My home office has a program to help protect our company from fraud. They regularly send phony “scam” emails to all advisors, trying to trick them into falling for them. If we do, we joke about having to wear the “cone of shame” for our error. The effort has successfully trained us to question everything that hits our inbox.
A current real scam in my email took a twist that is uniquely dangerous. I received very realistic notice from “Amazon” telling me that the expensive phone I purchased had been delivered to my home in Florida. I did not order a phone, nor do I have a Florida home. It gave a phone number to call if I had any questions. Since it didn’t ask me to click on anything, my initial reaction was to call the number. I thought better of it and went to Amazon directly from my app and confirmed no such order had been placed. Had I called that number I am sure I would have encountered a master scam artist that would outmatch any timeshare salesman.
In another personal incident just this week, I was in a store parking lot when a man pulled up in a very expensive vehicle. He opened the passenger window where a young boy was sitting. The man wore what appeared to be expensive gold jewelry. He said he was a foreigner and had lost his wallet and passport and needed $300 to get a new one. He pulled a big ring off his finger and offered it to me for the cash so he could get home. Before he went on, I responded with a firm “no” and turned away, which led to the man yelling at me for not being willing to help.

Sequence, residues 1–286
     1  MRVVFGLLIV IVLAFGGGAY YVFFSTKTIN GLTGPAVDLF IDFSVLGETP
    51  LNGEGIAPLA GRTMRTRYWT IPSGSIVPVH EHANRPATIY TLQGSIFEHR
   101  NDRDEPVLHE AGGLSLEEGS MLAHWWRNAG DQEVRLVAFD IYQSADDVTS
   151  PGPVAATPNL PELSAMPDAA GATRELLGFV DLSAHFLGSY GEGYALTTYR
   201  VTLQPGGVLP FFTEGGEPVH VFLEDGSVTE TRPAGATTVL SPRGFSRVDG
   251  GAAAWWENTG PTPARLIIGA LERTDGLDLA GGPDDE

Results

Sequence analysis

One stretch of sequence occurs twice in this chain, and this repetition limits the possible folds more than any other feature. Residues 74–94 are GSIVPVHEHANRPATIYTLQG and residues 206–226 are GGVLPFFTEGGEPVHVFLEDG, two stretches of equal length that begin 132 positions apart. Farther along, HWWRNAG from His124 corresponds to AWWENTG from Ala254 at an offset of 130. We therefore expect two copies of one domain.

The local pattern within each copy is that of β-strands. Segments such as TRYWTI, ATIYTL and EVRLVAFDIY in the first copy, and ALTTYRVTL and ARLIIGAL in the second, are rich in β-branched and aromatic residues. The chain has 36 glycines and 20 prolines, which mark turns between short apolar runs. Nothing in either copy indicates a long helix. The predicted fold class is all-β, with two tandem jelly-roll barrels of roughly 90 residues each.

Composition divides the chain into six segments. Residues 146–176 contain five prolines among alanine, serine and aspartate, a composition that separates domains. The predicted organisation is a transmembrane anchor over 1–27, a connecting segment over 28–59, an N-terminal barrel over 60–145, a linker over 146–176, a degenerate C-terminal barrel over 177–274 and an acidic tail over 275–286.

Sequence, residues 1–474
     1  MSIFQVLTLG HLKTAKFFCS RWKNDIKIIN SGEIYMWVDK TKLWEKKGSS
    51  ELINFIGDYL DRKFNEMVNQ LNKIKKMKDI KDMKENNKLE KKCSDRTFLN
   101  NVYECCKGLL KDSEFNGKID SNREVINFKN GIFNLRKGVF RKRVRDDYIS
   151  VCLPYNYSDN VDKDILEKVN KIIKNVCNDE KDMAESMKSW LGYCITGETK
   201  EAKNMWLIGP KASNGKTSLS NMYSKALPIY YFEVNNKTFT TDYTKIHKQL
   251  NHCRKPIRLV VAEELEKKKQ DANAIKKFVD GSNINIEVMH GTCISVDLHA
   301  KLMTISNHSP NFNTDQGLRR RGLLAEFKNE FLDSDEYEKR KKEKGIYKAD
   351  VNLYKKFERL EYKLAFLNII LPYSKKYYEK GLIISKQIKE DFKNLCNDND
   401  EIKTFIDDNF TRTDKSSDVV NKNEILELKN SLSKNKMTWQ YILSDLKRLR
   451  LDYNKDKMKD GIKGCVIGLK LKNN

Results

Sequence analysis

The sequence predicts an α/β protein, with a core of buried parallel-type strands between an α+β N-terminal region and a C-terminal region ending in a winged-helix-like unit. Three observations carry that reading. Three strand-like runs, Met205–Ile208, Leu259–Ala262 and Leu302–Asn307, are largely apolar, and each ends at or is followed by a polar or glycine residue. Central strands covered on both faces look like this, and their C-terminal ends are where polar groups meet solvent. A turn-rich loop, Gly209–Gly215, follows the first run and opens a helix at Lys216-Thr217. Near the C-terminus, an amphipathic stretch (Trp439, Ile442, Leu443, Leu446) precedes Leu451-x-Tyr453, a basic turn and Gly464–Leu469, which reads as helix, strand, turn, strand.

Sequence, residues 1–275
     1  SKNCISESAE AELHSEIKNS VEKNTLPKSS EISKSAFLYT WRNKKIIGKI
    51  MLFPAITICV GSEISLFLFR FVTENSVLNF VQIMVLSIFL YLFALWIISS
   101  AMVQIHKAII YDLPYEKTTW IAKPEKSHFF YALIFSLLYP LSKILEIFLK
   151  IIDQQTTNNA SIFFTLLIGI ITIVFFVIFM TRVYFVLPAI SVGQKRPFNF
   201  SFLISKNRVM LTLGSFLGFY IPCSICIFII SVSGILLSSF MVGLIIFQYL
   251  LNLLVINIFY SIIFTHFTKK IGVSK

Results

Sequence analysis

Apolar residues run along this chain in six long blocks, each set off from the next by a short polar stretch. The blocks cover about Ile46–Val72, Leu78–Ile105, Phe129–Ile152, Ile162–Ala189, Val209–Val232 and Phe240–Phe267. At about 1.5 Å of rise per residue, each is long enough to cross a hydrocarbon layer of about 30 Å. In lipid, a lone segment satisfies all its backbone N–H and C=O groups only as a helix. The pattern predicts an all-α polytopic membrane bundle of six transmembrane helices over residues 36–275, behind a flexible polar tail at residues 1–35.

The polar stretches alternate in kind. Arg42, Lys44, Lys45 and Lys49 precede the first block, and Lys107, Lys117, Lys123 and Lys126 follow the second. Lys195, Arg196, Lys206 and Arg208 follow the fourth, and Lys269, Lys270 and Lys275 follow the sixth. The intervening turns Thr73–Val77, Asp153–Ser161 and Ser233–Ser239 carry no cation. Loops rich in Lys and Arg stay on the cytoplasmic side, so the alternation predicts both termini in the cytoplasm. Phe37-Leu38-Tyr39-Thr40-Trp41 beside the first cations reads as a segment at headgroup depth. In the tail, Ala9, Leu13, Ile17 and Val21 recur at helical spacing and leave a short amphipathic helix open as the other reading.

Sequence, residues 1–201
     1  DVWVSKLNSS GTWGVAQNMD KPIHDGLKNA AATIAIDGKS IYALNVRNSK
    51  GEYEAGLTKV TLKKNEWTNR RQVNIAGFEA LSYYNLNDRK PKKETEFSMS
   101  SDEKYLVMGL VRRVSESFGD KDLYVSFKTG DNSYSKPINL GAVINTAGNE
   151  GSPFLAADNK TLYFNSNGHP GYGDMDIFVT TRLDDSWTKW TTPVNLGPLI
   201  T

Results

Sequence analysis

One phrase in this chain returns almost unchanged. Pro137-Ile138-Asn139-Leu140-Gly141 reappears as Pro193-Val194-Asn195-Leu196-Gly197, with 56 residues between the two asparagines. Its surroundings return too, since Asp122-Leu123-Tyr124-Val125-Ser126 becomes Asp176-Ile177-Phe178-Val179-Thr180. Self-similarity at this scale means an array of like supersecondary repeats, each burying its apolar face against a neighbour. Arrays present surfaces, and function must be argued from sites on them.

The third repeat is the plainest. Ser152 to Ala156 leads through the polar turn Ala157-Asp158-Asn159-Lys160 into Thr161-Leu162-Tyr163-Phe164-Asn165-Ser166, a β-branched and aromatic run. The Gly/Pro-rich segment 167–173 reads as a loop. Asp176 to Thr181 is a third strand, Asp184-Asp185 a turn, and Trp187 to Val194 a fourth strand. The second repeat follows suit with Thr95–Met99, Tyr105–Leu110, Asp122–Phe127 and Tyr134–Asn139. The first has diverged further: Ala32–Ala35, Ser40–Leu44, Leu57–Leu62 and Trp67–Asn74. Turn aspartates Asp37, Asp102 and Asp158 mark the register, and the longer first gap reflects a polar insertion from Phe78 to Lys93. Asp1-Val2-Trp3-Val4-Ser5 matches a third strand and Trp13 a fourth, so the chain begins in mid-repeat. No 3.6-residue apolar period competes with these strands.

It’s difficult to turn down requests from others in need. Criminals take advantage of this so if you want to be charitable, it’s best to do so using legitimate organizations and refer people in need to those as well. On the other hand, if his fake gold ring brings out the greed in you, maybe losing $300 will be a good lesson.
Some of the red flags that should alert to potential scammers are: First, if money is involved. Second, when the calls, emails or requests are unsolicited. Third, if someone or something is using emotions to rush you into a decision.
In all these situations, if you are in doubt, hang up, hit delete or walk away, and then go to the real source to find the truth. Find the website, email address or phone number using your own resources, not the ones you are given.
There is currently a growing wave of scams, and we must be always on our guard. Criminals are clever and they know what we watch for, so they keep changing the approach. If we follow a few simple steps, we can usually avoid being taken. If ever in doubt, our office offers a free fraud service, and we will also alert others to the risk.
Hi, I'm Dan. I'm a CFP® Professional.
Securities and advisory services offered through Commonwealth Financial Network®.
Member www.finra.org / www.sipc.org , a Registered Investment Advisor. Wyson Financial, 375 E Riverside Dr, St. George, UT 84790
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